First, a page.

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John Murray: Building The Lo-Fat Linux Desktop

Jan 03, 2002, 05:05 (16 Talkback[s])
(Other stories by John Murray)
"So I set up my machine to dual-boot Win95 and Linux, and experimented with several different distros. Initially I was disappointed with the performance of Linux, and it took me a while to discover the performance gains made possible by running leaner software. The fact that most of the newbie-oriented documentation emphasised Gnome/KDE while ignoring everything else only made things harder. That's what this page is all about - a newbie's guide to good, lightweight software that runs well on boxes that are less than state-of-the-art. While a lot of us simply can't afford (or justify) the cost of current hardware, Windows 2000/XP's high hardware requirements could be a blessing for Linux users on a tight budget; there should be more secondhand machines becoming available as Windows users upgrade their hardware.

Gnome and KDE are good-looking, feature-packed environments that are as easy to use as the desktop on that other OS, but they aren't the best choice for an older machine. Later versions especially can actually be quite sluggish unless you have some fairly recent hardware to run them. That doesn't mean you're stuck with a text-only console though, as it's easy to set up a nice looking Linux desktop that has plenty of speed on something like an early Pentium with 32megs of RAM. And with RAM being so cheap at the moment, I'd go for 64megs if you can afford it.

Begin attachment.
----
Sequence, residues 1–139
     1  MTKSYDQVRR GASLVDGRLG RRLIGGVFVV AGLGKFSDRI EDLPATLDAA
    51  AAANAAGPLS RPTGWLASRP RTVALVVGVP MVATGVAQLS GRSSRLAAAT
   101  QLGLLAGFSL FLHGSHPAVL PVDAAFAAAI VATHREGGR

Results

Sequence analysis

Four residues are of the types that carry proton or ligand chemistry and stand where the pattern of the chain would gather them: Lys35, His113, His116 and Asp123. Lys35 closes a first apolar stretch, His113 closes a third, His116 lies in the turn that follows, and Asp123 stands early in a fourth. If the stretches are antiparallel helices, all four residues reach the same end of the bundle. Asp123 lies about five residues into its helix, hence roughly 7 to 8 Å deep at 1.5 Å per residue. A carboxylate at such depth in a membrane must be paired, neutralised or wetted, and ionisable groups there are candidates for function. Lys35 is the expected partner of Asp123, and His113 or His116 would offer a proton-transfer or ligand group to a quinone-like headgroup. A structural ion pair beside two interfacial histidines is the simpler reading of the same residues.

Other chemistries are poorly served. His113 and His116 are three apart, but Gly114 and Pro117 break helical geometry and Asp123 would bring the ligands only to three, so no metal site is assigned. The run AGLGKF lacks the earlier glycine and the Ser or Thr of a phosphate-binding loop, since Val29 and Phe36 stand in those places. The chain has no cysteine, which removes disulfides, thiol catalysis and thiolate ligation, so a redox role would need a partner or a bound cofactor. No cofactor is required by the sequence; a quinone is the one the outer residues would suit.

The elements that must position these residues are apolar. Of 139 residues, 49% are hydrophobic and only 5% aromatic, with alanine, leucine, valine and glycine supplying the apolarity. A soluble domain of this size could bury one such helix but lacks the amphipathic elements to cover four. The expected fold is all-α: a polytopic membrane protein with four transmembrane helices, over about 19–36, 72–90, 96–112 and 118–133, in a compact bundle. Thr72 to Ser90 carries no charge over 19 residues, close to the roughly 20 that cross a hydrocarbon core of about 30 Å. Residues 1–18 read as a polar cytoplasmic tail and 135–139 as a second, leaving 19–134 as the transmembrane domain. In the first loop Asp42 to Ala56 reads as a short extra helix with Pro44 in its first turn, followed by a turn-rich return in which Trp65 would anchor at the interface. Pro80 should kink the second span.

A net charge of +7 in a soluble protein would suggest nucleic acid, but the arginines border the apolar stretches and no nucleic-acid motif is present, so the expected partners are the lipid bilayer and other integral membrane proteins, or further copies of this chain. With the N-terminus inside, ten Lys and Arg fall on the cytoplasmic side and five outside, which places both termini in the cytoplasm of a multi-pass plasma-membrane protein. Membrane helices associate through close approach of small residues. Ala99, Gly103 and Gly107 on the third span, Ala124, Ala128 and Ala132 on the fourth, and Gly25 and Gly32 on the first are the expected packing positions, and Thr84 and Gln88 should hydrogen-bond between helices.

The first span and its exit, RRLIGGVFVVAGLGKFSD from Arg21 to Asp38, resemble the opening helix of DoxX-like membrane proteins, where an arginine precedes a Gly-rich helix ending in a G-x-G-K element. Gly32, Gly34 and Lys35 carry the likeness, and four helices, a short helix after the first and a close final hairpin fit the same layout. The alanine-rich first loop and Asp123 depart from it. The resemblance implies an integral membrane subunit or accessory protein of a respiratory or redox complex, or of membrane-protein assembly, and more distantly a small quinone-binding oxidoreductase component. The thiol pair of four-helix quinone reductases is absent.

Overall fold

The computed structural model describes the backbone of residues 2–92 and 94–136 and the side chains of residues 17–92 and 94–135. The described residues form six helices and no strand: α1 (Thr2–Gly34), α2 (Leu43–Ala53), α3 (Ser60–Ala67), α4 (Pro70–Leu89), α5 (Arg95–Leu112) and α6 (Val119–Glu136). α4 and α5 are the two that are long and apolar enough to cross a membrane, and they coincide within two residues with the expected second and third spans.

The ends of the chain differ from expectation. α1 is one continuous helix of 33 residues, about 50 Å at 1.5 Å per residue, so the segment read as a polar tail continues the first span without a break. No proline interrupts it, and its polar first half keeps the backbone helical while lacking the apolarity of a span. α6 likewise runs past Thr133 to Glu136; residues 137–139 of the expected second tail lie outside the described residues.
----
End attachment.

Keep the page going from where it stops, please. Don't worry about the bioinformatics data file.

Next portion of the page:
So a speedy desktop is largely just a matter of using a window manager and applications that suits your hardware. And by the way, just because you don't use the KDE or Gnome desktop environments doesn't mean you shouldn't install them. KDE and Gnome apps will run quite well under a lightweight window manager, so if you have the disk space, I recommend installing both. Listed below are some suggestions for the type of apps. that most people use everyday, all of which work nicely on my 233/64 box (and most of this stuff should be fine with just 32megs of RAM). Keep in mind that these suggestions are only my own personal preferences; they certainly aren't the only way to do things."

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